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Daily Mail owner to cut more than 400 jobs amid print advertising decline

Daily Mail & General Trust says 'just less than half' the job cuts will come from DMG Media, home of the Daily Mail, Mail on Sunday and Metro

Katie Forster
Thursday 29 September 2016 10:27 BST
Daily Mail front page from 25 February warning of 'huge new influx' of migrants
Daily Mail front page from 25 February warning of 'huge new influx' of migrants

The owner of the Daily Mail has announced it will cut more than 400 jobs after a double-digit decline in print advertising last year.

A strategic review of the businesses owned by Daily Mail & General Trust (DMGT) has been launched in response to "challenging market conditions," said the company in a statement.

This reorganisation will result in an exceptional operating cost of £50 million – more than three times the amount suggested earlier this year.

DMGT employs around 10,000 staff worldwide, with 2,700 employed by DMG media, home of the Daily Mail, Mail on Sunday, Mail Online, Metro and US-based site Elite Daily.

"Just less than half" of the job cuts will come from DMG Media, but editorial job cuts are "not a significant part of the mix," said DMGT chief financial officer Stephen Daintith, according to the Guardian.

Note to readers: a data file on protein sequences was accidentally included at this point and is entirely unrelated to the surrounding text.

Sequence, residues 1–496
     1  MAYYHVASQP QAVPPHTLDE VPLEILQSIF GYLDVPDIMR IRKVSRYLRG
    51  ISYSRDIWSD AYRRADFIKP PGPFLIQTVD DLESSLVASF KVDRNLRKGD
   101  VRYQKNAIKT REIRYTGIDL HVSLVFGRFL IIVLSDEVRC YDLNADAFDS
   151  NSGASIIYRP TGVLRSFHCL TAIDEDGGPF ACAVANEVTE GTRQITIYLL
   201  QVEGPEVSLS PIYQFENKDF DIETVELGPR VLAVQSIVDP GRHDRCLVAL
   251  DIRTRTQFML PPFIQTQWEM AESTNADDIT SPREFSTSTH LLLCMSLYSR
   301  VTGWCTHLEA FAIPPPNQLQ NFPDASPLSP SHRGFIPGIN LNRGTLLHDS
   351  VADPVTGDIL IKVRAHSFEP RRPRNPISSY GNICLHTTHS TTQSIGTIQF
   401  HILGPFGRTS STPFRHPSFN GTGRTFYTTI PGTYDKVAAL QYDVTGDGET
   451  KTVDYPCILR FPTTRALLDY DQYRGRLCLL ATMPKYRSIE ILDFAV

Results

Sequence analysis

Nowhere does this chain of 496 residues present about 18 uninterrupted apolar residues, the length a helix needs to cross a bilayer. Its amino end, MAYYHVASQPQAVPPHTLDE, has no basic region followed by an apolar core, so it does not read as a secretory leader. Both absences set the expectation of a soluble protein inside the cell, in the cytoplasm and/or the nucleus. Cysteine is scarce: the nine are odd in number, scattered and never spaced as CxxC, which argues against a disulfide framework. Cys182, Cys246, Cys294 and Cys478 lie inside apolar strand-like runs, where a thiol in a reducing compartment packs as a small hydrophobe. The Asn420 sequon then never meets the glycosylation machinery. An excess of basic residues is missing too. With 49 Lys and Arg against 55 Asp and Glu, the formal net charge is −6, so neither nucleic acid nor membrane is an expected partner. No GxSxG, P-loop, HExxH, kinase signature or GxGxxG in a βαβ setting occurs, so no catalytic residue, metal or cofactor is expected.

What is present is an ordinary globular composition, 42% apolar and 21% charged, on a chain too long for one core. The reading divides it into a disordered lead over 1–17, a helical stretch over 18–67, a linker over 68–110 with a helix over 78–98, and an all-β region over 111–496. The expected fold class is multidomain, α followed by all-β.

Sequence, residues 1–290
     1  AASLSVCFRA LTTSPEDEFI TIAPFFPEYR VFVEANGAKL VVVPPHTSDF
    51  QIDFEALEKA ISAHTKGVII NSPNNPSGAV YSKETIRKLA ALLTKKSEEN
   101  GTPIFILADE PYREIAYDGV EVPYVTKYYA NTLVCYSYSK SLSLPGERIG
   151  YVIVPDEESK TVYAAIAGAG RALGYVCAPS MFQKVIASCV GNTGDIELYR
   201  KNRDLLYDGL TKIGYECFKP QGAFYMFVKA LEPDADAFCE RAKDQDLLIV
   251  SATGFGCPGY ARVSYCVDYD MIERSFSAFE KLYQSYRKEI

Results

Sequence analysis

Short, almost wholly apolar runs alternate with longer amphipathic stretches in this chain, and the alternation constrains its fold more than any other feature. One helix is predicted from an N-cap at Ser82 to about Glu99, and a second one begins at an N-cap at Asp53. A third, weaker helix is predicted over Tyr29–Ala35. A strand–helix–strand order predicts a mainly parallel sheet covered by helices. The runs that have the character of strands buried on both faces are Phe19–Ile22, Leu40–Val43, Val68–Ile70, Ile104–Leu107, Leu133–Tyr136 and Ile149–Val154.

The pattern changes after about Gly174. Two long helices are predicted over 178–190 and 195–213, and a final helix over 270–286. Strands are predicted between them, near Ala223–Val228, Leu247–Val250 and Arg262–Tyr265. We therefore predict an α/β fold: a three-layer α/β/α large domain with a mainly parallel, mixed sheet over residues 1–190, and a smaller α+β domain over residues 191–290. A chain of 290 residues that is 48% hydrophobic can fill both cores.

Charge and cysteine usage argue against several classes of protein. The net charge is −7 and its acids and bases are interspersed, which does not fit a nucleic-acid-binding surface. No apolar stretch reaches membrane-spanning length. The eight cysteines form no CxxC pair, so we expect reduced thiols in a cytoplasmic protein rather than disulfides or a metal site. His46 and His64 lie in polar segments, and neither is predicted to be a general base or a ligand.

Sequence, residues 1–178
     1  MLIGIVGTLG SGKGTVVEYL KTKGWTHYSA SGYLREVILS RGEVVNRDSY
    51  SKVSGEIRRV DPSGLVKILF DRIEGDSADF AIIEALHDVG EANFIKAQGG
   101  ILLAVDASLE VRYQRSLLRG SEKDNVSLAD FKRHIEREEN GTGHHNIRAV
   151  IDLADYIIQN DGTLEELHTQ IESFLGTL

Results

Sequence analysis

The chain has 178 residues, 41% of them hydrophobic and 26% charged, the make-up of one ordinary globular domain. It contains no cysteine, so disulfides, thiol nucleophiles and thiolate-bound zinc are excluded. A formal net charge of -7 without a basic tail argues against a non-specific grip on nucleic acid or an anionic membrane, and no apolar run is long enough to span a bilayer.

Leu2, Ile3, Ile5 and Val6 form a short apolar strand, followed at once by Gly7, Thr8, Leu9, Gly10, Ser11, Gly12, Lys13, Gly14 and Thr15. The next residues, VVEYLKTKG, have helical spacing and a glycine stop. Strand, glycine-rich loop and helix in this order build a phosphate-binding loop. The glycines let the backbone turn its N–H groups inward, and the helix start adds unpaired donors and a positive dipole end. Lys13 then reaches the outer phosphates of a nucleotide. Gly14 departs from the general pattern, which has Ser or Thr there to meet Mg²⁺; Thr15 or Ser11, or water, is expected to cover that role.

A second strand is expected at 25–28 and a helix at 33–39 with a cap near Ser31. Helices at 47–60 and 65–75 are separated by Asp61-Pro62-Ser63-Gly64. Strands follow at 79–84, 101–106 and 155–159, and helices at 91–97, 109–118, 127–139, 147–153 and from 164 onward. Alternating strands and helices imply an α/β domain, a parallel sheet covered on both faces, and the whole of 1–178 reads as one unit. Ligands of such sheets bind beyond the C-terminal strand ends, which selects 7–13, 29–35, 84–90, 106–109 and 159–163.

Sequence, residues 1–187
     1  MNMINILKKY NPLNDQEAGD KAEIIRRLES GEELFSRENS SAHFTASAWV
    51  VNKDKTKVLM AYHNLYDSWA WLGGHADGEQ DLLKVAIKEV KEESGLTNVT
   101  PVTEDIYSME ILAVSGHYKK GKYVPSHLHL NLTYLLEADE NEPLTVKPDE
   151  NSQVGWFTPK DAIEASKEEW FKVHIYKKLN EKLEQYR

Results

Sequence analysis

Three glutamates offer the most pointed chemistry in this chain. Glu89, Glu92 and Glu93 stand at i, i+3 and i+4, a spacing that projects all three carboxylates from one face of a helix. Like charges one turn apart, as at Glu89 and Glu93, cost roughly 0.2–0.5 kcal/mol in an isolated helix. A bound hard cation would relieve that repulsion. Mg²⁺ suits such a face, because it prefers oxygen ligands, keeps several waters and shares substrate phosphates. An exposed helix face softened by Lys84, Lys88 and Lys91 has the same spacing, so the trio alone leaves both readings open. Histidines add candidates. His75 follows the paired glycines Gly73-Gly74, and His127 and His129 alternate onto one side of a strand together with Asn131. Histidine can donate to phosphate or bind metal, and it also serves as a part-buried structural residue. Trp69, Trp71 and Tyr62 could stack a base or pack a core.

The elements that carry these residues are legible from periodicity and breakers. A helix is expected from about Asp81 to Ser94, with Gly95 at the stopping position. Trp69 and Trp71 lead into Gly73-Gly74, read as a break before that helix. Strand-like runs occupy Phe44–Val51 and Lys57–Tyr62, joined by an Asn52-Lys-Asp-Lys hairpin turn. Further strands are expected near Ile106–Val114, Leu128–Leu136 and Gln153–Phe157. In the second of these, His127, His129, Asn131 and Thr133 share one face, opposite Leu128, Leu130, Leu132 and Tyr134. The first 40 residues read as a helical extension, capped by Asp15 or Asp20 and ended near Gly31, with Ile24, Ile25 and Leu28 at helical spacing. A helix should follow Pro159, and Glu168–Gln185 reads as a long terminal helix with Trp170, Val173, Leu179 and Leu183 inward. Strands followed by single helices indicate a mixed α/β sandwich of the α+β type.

In May, DMGT said print advertising revenues had declined 13 per cent in the six months to the end of March 2016, and to 15 per cent in the first quarter of this year.

In an earnings update made on Thursday, the group said it had seen a growth of 4 per cent in revenue, with a 2 per cent underlying revenue decline of 2 per cent by a "weak UK print advertising market".

Online advertising driven by MailOnline has been helping offset the impact, with ad sales up 18 per cent in the first 11 months of its financial year.

Newspaper circulation revenues rose 1 per cent in July and August, helped by recent cover price hikes for its national titles.

The group increased the price of the Daily Mail for the first time in three years in February, by 5p to 65p, while it lifted the price of the Mail on Sunday in July.

Mr Daintith said the recent DMG media ad revenue decline came as it faced tough comparisons from a year earlier.

He added there had been no signs of a direct impact of the Brexit vote on the business.

This overhaul will take place under new chief executive Paul Zwillenberg, who took over from Martin Morgan on 1 June.

Mr Zwillenberg is set to give more details on the overhaul and cost-cutting plans alongside full-year results on 1 December.

Additional reporting from Press Association

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